I descended back beneath the clouds. For a few minutes, I thought we might try heading west, but by the time we reached the airport again, I realized that visibility out that way wasn’t much better than at the airport. So we decided to land and wait it out.
Remember, there are old pilots and bold pilots but very few old, bold pilots.
On the ground, there was a man with a Piper Cub who was hoping to leave Wickenburg and fly to Tucson. He was in the same situation as us, since he needed to go south. I told him about the cloud tops and the nice day above them. He had an instrument rating, but his aircraft was not properly equipped for IFR (instrument flight rules) flight. So, like us, he decided to wait.
Time marched on.
I called Phoenix’s AWOS again. Still 10 miles visibility down there. Then I called Brad, who was working ground crew for us at Buckeye. He said it was overcast, but otherwise clear. The event was just starting to get under way, with lots of people coming in. I think he had a hard time believing that the conditions at Wickenburg could be bad enough to keep me on the ground.
At 9:15, I could wait no longer. The sky had brightened considerably and I was sure whatever clouds were left would burn off quickly. I was also sure that the VFR on top route we’d glimpsed would have plenty of holes with views to the ground. So I decided to give it another try.
Our Second Departure
While I warmed up the helicopter again, we heard radio calls from pilots coming into Wickenburg from the north. Some of them were on their way to Buckeye and, like us, were concerned about the cloud cover. They’d decided to stop in Wickenburg and wait it out.
The Cub guy had decided, like us, to go for it. He taxied down to the end of Runway 23 to depart. We took off, climbed out about 300 feet, and turned to the south. At first, I planned to follow Vulture Mine Road under the clouds. But when we saw how the clouds came down to the road level just south of Rancho de los Caballeros, I changed my plan. Instead, I made a 1300 FPM climb at about 60 knots right through the biggest hole I saw in the clouds. We popped out the top into the sunshine, will all the nearby mountain peaks clearly in view. Seeing the huge White Tank Mountains, which weren’t far from our destination, helped convince me that a VFR on top route would be okay.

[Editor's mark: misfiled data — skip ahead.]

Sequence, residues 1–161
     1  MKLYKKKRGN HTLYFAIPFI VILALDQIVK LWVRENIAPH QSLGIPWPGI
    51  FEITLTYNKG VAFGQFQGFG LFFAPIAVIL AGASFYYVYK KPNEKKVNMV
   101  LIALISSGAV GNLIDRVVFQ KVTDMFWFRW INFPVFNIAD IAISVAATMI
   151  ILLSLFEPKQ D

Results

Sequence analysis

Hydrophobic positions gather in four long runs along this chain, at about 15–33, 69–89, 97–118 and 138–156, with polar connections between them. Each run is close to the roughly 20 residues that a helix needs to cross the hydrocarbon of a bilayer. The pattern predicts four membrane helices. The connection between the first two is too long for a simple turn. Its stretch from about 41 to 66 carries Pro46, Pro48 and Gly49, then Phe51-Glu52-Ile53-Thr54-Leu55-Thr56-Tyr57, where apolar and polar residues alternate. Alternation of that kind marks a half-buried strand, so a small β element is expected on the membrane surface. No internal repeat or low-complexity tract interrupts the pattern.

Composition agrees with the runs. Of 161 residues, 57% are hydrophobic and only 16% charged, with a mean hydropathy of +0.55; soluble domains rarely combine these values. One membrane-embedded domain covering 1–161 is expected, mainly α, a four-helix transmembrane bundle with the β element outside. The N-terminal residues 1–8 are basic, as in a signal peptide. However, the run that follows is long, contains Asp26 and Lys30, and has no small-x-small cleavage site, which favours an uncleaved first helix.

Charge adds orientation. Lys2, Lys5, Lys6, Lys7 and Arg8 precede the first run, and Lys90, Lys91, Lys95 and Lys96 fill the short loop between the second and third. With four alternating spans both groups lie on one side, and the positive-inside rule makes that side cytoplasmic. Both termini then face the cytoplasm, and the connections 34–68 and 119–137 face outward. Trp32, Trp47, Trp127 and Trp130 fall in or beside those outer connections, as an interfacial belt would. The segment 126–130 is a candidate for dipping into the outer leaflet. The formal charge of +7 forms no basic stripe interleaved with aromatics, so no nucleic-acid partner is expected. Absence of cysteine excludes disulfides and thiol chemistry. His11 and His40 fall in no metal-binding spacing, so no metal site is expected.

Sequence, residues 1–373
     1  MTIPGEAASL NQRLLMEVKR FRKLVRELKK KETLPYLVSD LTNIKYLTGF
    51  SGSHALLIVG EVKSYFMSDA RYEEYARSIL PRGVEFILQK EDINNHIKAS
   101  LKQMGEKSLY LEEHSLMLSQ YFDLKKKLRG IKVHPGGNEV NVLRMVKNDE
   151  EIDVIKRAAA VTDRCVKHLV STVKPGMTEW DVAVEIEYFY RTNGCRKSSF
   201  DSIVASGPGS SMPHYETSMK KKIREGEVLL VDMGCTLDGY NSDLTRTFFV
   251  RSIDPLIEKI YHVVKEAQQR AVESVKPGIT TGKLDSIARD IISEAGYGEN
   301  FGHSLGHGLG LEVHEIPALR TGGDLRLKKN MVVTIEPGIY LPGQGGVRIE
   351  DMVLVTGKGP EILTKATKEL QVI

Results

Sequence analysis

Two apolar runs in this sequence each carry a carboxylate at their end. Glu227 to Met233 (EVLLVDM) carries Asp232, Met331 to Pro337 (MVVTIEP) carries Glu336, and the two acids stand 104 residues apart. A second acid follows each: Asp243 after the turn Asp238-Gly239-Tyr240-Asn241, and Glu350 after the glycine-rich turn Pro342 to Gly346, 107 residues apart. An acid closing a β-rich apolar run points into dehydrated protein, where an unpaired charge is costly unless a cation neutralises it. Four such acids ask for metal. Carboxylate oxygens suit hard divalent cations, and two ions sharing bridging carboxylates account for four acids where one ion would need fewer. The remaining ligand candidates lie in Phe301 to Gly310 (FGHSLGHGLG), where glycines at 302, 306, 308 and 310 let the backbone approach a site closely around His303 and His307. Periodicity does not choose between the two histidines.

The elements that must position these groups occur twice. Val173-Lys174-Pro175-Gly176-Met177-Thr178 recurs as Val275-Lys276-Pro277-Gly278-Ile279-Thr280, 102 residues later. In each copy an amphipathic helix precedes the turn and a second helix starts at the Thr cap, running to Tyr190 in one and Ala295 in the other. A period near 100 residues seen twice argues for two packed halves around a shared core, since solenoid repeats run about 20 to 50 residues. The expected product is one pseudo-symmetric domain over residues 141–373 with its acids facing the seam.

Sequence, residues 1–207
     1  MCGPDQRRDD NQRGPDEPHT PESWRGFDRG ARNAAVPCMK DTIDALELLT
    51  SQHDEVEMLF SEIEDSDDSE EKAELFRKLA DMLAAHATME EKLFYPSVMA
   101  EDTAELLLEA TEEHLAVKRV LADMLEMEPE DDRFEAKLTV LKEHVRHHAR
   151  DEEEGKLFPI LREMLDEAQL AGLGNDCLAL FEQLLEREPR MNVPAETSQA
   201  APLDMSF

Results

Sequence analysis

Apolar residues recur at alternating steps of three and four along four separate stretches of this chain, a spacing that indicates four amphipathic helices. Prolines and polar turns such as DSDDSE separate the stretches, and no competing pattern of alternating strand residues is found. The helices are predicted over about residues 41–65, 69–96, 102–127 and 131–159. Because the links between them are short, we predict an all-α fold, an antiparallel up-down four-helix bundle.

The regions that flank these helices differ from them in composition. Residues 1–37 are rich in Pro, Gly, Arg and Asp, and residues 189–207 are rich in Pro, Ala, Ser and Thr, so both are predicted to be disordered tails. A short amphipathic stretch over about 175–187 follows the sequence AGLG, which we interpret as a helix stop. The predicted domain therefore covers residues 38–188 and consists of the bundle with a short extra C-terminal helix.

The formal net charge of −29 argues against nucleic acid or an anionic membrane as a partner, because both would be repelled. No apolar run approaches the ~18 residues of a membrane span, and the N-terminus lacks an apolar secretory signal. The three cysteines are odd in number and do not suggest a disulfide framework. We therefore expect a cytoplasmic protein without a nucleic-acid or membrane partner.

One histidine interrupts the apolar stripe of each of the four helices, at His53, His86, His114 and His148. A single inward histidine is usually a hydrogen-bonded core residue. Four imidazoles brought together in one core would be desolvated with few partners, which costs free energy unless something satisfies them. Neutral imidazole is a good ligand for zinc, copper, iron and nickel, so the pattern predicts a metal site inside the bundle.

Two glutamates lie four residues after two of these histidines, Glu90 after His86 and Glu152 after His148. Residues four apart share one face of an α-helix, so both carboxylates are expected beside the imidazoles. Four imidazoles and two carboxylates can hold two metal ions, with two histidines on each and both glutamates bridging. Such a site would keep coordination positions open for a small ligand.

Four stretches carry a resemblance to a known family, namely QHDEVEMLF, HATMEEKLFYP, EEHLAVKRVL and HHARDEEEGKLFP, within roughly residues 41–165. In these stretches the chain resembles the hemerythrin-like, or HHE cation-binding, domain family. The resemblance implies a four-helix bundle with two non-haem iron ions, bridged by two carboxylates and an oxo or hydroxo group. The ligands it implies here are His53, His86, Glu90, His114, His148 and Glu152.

I punched Buckeye into my GPS, adjusted our course, leveled off at 4000 feet MSL, and accelerated to 110 knots.
Mike took this excellent shot of Vulture Peak as we flew by it.
The cloud tops were about 500 feet below us as we moved south. There were plenty of big holes in the clouds offering clear views of the desert below us.
We reached the edge of the fog bank about 20 miles south of Wickenburg. I made a radio call to the Cub pilot to let him know the clouds stopped there. He was still on frequency and thanked me for the report. We descended to my usual altitude of 600 feet AGL and continued on our way with the low clouds behind us.
By the time we got to Buckeye, there were a few clouds scattered in a hazy sky. A cloud bank remained to the west and to the north through most of the day. But by the time we returned to Wickenburg much later that afternoon, the low clouds were gone.